Positive Steps Baystate’s 11th Annual Rays Of Hope Walk Will Count Steps Toward A Cure For Cancer

Since it was founded a decade ago, Baystate Health System’s Rays of Hope Walk, staged to help wage the fight against breast cancer, has evolved into the largest single-day fundraising event in Western Mass.


In 2003, the 10th edition of the walk raised nearly $600,000 to benefit the Comprehensive Breast Center at Baystate and varioius community support projects. More than 7,000 participants, including 250 teams, walked or ran one of the two courses created in the Forest Park section of Springfield.

This year, in an attempt to build on those impressive numbers, event organizers are continuing the evolutionary process by utilizing technology. Two programs have been implemented to make it easier for individuals and teams to both sign up friends, family members, co-workers and others who pledge various amounts to the walkers — and also to simply participate.

Hugh Barrett, Baystate’s fund-raising manager and walk coordinator, told The Healthcare News that event organizers have enlisted the help of San Diego-based Kintera Inc. to enable teams and individuals to sign up pledgers via the Internet. Meanwhile, for those who want to participate but can’t walk or run on Oct. 24, Baystate is inviting them to take “1,000 steps toward a cure.” Pedometers will be provided to such individuals, and they can walk anytime in October to support the cause.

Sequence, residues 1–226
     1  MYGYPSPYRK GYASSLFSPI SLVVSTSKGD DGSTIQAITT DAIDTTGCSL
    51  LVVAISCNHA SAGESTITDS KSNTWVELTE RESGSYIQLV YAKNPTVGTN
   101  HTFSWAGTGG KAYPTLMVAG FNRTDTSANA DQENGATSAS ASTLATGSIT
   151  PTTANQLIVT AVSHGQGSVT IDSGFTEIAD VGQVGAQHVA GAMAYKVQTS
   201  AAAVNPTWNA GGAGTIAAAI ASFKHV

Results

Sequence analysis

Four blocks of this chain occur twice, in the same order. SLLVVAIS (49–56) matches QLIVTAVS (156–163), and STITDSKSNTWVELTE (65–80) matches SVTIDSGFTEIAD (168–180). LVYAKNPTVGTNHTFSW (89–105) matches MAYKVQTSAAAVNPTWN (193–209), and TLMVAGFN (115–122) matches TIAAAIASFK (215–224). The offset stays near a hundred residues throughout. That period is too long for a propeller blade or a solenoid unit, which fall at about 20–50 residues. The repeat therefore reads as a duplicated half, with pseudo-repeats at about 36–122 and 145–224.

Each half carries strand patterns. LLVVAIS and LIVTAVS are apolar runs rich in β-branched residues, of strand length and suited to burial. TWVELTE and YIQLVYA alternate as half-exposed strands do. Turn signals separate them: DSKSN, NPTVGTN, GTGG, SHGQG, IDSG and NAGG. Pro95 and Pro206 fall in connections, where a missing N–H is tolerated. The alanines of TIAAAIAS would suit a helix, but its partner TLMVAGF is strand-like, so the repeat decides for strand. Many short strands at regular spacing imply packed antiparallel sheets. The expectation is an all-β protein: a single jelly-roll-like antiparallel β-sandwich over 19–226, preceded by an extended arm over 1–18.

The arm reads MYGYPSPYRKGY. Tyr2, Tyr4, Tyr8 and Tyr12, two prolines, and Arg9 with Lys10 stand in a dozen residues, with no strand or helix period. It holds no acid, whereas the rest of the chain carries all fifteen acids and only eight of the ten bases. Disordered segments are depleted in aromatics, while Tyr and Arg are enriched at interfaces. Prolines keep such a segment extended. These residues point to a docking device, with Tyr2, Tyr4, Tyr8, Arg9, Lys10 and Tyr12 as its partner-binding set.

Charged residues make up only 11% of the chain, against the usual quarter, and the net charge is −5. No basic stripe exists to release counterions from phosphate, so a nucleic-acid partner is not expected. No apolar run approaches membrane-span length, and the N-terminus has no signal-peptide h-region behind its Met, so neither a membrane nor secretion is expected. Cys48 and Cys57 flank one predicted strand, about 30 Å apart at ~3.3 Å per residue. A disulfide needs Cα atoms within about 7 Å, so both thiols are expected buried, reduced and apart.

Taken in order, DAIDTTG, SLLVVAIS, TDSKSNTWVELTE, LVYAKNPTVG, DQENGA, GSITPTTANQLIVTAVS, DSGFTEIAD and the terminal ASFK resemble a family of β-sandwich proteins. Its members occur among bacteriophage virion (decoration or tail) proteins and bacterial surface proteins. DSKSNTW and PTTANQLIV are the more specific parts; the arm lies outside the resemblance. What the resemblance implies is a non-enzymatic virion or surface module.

The new programs are being designed to spur continuous growth of the Rays of Hope walk, which started with 500 walkers, said Barett, adding that in the event’s first decade, it has raised more than $3.5 million to fight breast cancer.

The walk was initiated by breast cancer survivor and Baystate nurse Lucy Giuggio. She had run in a road race to support breast cancer research and desired to bring a similar event to Western Mass.

Baystate become involved in the event’s second year, and has orchestrated steady growth ever since.

“We’ve been exploring ways to make it easier for people to take part, either as walkers or as supporters,” he said. “These new programs will help remove some of the barriers or obstacles that people face.”

Kintera’s “Friends Asking Friends” solicitation program, for example, allows individuals and teams to create customized Web sites that make it easier to solicit donations from friends and family members across the country. Many of the pages feature photos and text explaining a team’s involvement in the Rays of Hope event.

“This is very simple tool to use, and it enables teams and individuals to reach out to people they might not have approached before because of the miles separating them,” Barrett explained, adding that more than 30 teams have already created Web sites and they were seeing good response. “This adds convenience for the walkers, and also the supporters.”

The 10,000 Steps Toward a Cure campaign, meanwhile, enables people to join the breast cancer fight while working out at the gym or merely walking the corridors at the office. “When you think about it, it doesn’t take too long to walk 10,000 steps,” said Barrett. “You can do that in a few days a work.”

Barrett said there is no specific fund-raising goal for this year’s walk; the mission is merely to continue the event’s strong growth pattern and thus gain more resources for the fight against breast cancer. He said the walk’s new programs should help with that assignment. “More people are going to be able to take part.”

This year’s walk-a-thon will step off on Oct. 24 from temple Beth El in Springfield at 10:30 a.m. For more information or to register online, visit

www.baystatehealth.com/raysofhope, send an E-mail to raysofhope@bhs.org, or call (413) 794-8001.

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